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Gareleya Neotodryosh
YOUNG ART FROM EASTERN UKRAINE

  • A photographic collage by the artist Zenhya Tramvay from Bakhmut
    A photographic collage by the artist Zenhya Tramvay from Bakhmut
  • A photography by the artist Natalia Kolesnikova from Luhansk
    A photography by the artist Natalia Kolesnikova from Luhansk
  • Visitor of the exhibition in Lyssychansk. Artist: Yegor Gordotko
    Visitor of the exhibition in Lyssychansk. Artist: Yegor Gordotko
  • Visitor of the exhibition in Rivne. Artist: Vitaliy Matukhno
    Visitor of the exhibition in Rivne. Artist: Vitaliy Matukhno
  • An illustration by the artist Sergey Simutin from
    An illustration by the artist Sergey Simutin from
  • Exhibition in an abandoned amphitheatre in Rivne. Above: “Go forward”
    Exhibition in an abandoned amphitheatre in Rivne. Above: “Go forward”
  • A collage by the artist Elizabeth Makhrova from Lyssychansk
    A collage by the artist Elizabeth Makhrova from Lyssychansk
  • Founder Vitaliy Matukhno guides visitors through the exhibition in Rubizhne
    Founder Vitaliy Matukhno guides visitors through the exhibition in Rubizhne
  • Digital infoscreens at a train station. Artist: Masha Vyshedska, Bakhmut
    Digital infoscreens at a train station. Artist: Masha Vyshedska, Bakhmut

Ukrainian art against discrimination and misanthropy – the Goethe-Institut Bonn and STRÖER support the art collective Gareleya Neotodryosh with an exhibition in public spaces all over Germany from 15.07.-30.09.22.

УКРАЇНСЬКА

Staying true to the grassroot-approach of Gareleya Neotodryosh, the art shown on the digital screens in cooperation with STRÖER aims to provide new perspectives on Ukrainian art. The Goethe-Institut Bonn supports the showcasing of topically selected artworks in the realm of discrimination, anti-fascism, diversity and more. By incorporating a variety of works ranging from collages, photographs to illustrations and more into the context of our daily life, this project raises awareness and encourages an environment of interaction between artist, art and recipient.

Gareleya Neotodryosh (“a gallery that cannot be torn off”) was created in Lysychansk (Luhansk region) in an effort to establish new exhibition spaces for young and contemporary artists, where they won’t face conservative criticism or censorship. Garleya’s goal is to support young emerging artists from the Donbas region by providing them with a platform to showcase their works and encourage them to continue pursuing their art. Their motto:  “Gareleya is open to everyone. No weekends, no breaks.” Thus, the grassroot-movement continues its activities – national and international, digital and analogue.

 
© Leander Mundus

The collective's first exhibition emerged in a symbolic place: under the bridge between the cities of Lysychansk and Severodonetsk which was blown up by Russian-led militants in 2014, reconstructed in 2016 and destroyed again in 2022 during Russia’s invasion. When the founder of Gareleya Neotodryosh, Vitaliy Matukhno, put his artwork up on the concrete wall of the overpass, another artist noticed the works and added his own art. Vitaliy Matukhno got inspired to get even more people involved.  When explaining the unnamed pop-up project to interested artists, he stumbled over his words, mistakenly saying “gareleya”, instead of the correct Ukrainian word “galereya” – the project’s unique name was born.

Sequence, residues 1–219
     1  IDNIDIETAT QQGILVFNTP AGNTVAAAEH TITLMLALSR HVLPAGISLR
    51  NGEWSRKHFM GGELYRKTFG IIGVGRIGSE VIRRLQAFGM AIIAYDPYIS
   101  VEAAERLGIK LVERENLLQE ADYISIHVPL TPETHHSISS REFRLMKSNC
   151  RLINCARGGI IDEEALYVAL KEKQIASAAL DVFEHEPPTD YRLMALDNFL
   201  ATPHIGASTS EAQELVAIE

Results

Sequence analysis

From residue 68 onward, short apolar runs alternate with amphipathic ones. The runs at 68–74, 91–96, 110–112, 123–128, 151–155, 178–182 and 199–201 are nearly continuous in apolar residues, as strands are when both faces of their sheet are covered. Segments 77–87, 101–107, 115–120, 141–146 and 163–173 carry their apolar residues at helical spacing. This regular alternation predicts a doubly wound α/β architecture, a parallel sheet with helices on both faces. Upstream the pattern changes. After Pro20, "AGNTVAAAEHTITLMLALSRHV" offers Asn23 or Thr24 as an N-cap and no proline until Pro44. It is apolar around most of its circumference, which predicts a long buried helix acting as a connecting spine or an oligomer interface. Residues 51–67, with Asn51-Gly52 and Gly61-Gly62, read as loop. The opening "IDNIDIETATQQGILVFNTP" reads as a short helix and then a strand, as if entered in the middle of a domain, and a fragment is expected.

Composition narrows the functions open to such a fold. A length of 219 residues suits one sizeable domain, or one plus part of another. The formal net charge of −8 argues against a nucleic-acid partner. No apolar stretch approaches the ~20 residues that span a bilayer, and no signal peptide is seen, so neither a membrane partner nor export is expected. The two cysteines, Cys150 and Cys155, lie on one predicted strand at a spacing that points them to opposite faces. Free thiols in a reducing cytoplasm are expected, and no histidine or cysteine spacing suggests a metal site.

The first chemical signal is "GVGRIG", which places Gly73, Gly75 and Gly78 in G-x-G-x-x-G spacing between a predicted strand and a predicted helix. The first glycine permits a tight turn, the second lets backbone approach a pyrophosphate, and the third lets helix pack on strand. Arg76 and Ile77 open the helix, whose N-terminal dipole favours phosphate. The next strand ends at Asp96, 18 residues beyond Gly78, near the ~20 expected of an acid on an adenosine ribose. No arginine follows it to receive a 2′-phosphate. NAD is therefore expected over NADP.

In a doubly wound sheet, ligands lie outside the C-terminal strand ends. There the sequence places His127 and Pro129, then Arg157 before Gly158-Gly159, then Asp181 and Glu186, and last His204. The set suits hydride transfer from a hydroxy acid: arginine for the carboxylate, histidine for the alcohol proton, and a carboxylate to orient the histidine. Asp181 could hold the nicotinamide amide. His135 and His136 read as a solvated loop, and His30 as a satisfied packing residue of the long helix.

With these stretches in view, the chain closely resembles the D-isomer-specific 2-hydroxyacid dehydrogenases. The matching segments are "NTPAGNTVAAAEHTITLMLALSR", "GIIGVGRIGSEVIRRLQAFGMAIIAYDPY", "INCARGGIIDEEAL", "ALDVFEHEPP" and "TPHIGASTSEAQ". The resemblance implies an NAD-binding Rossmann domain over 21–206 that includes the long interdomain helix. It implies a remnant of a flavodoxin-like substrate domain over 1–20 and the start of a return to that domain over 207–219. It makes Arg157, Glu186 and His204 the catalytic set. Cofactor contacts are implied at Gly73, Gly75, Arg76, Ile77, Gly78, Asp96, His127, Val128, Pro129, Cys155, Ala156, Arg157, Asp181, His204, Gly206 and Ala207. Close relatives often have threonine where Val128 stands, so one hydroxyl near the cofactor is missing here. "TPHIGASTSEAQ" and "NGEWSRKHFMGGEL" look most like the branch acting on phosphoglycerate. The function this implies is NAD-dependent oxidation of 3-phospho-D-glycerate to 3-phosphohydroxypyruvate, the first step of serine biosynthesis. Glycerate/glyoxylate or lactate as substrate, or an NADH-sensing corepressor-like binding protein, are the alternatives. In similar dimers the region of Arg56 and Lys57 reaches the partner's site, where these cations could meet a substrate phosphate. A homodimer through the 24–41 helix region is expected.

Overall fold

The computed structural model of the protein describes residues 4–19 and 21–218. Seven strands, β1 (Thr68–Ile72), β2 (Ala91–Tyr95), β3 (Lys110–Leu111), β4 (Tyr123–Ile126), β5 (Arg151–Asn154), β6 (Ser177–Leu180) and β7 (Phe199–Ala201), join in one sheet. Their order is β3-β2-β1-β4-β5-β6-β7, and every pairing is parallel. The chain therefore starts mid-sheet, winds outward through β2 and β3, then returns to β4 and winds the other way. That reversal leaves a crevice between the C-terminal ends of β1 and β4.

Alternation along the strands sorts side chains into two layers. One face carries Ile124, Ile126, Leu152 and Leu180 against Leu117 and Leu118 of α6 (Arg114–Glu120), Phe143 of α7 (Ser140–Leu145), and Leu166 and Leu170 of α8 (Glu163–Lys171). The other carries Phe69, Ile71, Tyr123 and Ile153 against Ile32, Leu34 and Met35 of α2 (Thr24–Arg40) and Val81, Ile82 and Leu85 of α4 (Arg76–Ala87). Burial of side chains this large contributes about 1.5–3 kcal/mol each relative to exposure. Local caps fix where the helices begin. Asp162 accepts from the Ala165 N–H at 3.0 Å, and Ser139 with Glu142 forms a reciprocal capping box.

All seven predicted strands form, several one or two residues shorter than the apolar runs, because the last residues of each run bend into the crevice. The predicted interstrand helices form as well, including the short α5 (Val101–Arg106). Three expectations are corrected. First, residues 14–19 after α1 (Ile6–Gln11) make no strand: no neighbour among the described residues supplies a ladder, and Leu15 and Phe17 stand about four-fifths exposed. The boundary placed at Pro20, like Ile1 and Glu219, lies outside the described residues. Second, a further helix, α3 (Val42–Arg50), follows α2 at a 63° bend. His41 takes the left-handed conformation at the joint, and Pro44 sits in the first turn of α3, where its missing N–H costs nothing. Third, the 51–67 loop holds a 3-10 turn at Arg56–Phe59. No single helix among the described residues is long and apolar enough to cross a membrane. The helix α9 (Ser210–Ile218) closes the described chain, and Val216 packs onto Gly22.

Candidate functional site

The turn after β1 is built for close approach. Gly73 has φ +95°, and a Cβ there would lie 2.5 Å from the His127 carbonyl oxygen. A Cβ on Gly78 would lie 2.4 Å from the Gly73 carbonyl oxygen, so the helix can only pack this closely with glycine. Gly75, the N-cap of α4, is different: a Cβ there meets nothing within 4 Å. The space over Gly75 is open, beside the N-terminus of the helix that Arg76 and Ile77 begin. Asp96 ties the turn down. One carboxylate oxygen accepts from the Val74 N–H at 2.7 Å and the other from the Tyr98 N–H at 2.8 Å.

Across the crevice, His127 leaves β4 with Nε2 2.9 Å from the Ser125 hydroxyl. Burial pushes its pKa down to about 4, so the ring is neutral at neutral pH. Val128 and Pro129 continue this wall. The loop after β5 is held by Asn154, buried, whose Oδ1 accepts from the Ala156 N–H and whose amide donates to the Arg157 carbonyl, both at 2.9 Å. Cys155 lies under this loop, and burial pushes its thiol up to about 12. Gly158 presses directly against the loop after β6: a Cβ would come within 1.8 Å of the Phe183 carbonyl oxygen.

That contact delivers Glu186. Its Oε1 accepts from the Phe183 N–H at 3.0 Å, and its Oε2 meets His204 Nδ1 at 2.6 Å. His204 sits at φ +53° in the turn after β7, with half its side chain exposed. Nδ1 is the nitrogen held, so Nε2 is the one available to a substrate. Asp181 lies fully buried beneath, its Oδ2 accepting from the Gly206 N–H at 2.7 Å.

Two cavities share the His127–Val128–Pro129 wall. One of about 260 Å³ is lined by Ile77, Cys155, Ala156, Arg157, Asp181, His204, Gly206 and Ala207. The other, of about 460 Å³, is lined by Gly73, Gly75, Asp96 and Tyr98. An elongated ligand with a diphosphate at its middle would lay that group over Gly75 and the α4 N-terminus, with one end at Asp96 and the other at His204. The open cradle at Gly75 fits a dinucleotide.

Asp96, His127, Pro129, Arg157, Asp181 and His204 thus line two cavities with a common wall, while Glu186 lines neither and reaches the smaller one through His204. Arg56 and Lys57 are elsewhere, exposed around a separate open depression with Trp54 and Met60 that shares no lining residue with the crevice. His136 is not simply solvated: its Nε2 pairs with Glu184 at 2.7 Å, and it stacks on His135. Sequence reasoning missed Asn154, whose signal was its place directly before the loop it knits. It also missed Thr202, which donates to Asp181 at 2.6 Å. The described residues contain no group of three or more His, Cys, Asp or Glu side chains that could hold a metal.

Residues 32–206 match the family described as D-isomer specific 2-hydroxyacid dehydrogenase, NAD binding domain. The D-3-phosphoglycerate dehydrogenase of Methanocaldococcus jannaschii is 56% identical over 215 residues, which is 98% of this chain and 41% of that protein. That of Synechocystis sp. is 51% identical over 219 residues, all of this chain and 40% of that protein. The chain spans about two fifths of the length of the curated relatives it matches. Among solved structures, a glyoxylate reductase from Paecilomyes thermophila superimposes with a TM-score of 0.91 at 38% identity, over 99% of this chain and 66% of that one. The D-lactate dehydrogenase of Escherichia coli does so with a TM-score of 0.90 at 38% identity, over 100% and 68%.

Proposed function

Since its launch in 2020, the pop-up initiative has already carried out 13 informal exhibitions, spotlighting almost 100 local artists. In 2021, a snapshot of existing exhibition pieces was published in a Zine – a publication supported by the EU programme "House of Europe", implemented by the Goethe-Institut Ukraine

Wherever Gareleya Neotodryosh pops up, empty spaces are filled with new meaning and transformed into places where people can come together and experience art in an unconventional context. It thereby creates a sense of community, not only among young artists from all over Ukraine, but also within the cities and communities it visits. “I felt that the gallery became a platform for uniting those who live, work and create here [Eastern Ukraine].” artist Yehor Gordotko told the Kyiv Post.

Though initially founded to spotlight and unite artists within Eastern Ukraine, Gareleya Neotodryosh now wants to show the rest of the world that Ukraine has a thriving art community. This makes it not only an exhibition in the face of adversity but also a cultural statement of resistance against fascism and a sign of international solidarity. True to the name of the “gallery that cannot be torn off”, the artists of Gareleya Neotodryosh carry on with their work from Ukraine as well as other European countries such as Germany, Poland and Georgia. Further exhibitions are also planned in Serbia and Kosovo. The collective is staying connected during the war and continues to link artists, institutions and the art scene.

The artworks will be exhibited until the end of September in public spaces of the following cities: Berlin, Bielefeld, Bonn, Bremen, Dortmund, Dresden, Düsseldorf, Essen, Frankfurt, Gelsenkirchen, Halle, Hamburg, Cologne , Leipzig, Munich, Nuremberg and Stuttgart.

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